A Reading List for Arab American Heritage Month 2023

For Arab American Heritage Month, observed annually during the month of April, we asked our members—independent presses, literary journals, and others—to share with us some of the work by Arab American writers that they recommend reading in celebration. 



Villainy by Andrea Abi-Karam

Nightboat Books | 2021

Abi-Karam’s second poetry collection “foments political action in public spaces, and indexes the various emotional states, such as rage, revelry, fear, grief, and desire to which queers must tend during protest.”




The Last Visit by Chad Abushanab

Autumn House Press | 2019

Selected by Jericho Brown as the winner of the 2018 Donald Justice Poetry Prize, this debut poetry collection “explores a family broken by alcoholism and abuse.”




The Wild Fox of Yemen by Threa Almontaser

Graywolf Press | 2021

Almontaser’s debut poetry collection is “a love letter to the country and people of Yemen, a portrait of young Muslim womanhood in New York after 9/11, and an extraordinarily composed examination of what it means to carry in the body the echoes of what came before.”




Took House by Lauren Camp

Tupelo Press | 2020

According to Hala Alyan, Camp’s latest poetry collection is “an astonishing, enchanted world of nature and cityscape, interior terrains, art-making and witnessing all at once.”




The Alchemist’s Diary by Hayan Charara

Hanging Loose Press | 2001

According to Naomi Shihab Nye, The Alchemist’s Diary is a “strong first collection featuring poems of family and Detroit’s Arab-American community.”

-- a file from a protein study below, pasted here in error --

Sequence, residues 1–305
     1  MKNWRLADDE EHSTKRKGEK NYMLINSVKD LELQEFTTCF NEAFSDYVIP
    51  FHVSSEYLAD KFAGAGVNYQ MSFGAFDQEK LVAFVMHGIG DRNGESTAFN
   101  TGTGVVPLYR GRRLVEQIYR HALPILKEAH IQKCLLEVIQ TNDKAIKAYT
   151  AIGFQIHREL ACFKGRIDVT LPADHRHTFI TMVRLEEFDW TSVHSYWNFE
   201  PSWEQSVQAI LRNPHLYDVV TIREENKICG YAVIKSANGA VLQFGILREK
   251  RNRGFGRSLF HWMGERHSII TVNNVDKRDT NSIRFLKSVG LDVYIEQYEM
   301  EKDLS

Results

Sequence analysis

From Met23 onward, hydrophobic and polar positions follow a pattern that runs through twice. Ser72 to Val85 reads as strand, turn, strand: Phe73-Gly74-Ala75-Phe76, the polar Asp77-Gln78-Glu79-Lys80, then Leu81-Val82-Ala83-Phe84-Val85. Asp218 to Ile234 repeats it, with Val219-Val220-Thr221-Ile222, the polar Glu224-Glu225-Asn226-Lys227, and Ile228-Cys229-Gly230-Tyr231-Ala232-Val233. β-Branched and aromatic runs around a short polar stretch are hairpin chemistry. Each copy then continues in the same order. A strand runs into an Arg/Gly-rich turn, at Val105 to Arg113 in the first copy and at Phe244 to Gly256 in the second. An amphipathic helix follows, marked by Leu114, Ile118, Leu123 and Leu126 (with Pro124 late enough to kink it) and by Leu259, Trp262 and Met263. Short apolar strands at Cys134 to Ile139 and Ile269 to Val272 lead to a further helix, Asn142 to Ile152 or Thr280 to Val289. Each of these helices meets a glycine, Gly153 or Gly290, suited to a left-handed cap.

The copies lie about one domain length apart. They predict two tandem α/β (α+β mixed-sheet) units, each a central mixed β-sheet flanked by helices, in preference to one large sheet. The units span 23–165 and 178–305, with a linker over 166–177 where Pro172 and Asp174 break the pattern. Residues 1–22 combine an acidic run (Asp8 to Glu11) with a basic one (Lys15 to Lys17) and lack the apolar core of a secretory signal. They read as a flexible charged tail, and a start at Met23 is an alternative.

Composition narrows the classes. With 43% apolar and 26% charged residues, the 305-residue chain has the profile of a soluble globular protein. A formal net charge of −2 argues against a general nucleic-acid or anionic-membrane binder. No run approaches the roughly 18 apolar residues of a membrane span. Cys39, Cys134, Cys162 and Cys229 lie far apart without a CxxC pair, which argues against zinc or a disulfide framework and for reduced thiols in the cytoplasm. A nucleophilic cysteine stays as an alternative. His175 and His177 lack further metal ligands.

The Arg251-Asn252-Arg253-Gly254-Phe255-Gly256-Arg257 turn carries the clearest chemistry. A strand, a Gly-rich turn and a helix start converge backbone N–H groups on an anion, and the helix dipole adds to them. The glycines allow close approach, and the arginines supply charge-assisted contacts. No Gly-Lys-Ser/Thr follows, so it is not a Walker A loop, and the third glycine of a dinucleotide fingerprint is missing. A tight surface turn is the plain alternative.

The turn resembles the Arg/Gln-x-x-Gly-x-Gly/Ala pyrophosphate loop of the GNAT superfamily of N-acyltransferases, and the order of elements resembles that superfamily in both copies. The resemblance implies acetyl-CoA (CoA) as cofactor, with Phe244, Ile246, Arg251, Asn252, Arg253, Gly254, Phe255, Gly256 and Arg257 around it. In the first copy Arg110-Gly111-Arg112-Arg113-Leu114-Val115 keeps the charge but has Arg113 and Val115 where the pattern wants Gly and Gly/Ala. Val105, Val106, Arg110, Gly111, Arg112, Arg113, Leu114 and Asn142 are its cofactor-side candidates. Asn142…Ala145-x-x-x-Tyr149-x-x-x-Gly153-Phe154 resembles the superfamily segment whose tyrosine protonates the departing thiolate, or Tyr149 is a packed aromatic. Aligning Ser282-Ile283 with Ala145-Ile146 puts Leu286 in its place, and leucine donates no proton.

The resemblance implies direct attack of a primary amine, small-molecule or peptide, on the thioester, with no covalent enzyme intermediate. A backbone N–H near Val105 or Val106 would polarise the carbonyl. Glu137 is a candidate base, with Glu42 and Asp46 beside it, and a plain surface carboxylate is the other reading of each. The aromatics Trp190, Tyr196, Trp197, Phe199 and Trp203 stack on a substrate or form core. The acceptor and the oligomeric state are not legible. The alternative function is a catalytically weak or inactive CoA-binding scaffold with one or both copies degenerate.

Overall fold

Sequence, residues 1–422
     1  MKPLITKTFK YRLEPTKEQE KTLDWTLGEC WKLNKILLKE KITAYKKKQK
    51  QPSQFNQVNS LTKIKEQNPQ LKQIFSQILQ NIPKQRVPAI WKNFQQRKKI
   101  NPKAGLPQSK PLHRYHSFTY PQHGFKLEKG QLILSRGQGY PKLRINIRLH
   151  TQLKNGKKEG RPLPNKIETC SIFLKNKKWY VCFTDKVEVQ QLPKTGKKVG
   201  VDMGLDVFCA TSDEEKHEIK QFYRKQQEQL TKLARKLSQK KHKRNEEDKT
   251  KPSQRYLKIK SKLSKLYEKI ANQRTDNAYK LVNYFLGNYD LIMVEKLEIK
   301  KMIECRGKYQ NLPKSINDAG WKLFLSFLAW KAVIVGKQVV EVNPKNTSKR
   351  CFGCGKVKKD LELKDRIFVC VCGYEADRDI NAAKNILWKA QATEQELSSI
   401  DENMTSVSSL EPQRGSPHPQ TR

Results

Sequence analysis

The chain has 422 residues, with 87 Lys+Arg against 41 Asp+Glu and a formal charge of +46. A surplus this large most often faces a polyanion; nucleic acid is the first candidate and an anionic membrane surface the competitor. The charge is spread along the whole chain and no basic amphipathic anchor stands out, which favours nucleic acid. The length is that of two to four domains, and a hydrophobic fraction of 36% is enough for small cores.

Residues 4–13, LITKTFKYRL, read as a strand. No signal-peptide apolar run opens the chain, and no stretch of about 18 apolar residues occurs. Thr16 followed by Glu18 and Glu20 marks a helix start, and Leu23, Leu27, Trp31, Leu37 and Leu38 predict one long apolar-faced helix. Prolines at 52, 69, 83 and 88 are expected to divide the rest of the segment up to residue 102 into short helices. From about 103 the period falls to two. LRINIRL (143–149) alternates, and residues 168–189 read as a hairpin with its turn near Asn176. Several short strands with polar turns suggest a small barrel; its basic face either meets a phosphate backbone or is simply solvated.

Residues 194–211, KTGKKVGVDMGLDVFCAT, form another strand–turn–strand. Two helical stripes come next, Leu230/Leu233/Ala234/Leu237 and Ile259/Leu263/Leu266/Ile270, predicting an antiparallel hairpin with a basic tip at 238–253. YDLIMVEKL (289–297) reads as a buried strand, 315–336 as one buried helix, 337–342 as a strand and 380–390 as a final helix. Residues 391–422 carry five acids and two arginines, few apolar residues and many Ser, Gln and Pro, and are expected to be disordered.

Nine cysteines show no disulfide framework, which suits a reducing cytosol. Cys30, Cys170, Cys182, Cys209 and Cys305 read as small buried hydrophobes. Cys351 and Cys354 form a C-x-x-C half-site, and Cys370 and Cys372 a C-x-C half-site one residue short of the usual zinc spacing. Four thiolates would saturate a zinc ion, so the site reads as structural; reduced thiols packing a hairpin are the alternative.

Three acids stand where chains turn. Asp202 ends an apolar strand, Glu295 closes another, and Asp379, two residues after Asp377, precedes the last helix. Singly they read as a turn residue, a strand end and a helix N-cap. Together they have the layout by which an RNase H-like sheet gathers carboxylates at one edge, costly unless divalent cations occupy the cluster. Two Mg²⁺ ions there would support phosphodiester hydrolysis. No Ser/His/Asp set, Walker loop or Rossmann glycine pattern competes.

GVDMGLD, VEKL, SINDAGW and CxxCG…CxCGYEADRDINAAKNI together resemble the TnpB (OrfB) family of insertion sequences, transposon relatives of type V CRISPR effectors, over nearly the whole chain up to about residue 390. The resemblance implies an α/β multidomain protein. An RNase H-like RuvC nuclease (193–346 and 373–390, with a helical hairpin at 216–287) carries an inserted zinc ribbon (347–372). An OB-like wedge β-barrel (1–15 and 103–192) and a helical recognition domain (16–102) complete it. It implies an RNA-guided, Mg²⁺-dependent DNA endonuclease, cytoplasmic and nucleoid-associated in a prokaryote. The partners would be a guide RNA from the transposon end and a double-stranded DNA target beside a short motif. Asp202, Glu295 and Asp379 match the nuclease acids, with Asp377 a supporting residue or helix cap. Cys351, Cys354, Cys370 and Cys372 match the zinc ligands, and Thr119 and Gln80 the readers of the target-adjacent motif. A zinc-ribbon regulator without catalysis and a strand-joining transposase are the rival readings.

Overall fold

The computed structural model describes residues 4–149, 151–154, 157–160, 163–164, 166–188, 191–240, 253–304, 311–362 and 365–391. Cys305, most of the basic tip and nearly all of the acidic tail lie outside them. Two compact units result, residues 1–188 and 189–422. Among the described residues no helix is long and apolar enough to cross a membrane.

The Gold Shop of Ba-‘Ali by Yahya Frederickson

Lost Horse Press | 2014

According to Sam Hamill, this Idaho Prize–winning poetry collection “delivers us into an Arab world stripped of exoticism, a world made palpable by mundane reality, an ordinary world made luminous by the vision and speech of a genuinely gifted poet.”




Ante body by Marwa Helal

Nightboat Books | 2022

Ante body is “an incisive poetic sequence that tracks the relationship between migration and complex traumas in this unsparing critique of the unjust conditions that brought us the global pandemic.”




Dear God. Dear Bones. Dear Yellow. by Noor Hindi

Haymarket Books | 2022

According to Zeina Hashem Beck, “Hindi’s searing poems navigate memory, violence, and inheritance with a candid and critical eye. Filled with heartache, tenderness, love, anger, and humor, they interrogate what it’s like to be woman, Palestinian, and American in today’s world.”




BINT by Ghinwa Jawhari

Radix Media | 2021

Jawhari’s debut collection, a winner of the inaugural Own Voices Chapbook Prize, is “a meditation on the Arabic word ‘bint’ (بنت), or ‘girl.’”




Footnotes in the Order of Disappearance by Fady Joudah

Milkweed Editions | 2018

Joudah’s fourth poetry collection features “love poems to the lovely and unlovely, the loved and unloved,” as well as a collaboration with Golan Haji, a Kurdish Syrian writer, to “foreground the imaginative act of constructing memory and history.”




The Tiny Journalist by Naomi Shihab Nye

BOA Editions | 2023

Called by the Washington Post “a moving testament to the impact one person can have and the devastating effects of occupation,” Nye’s poetry collection is newly available as an audiobook.




Water & Salt by Lena Khalaf Tuffaha

Red Hen Press | 2017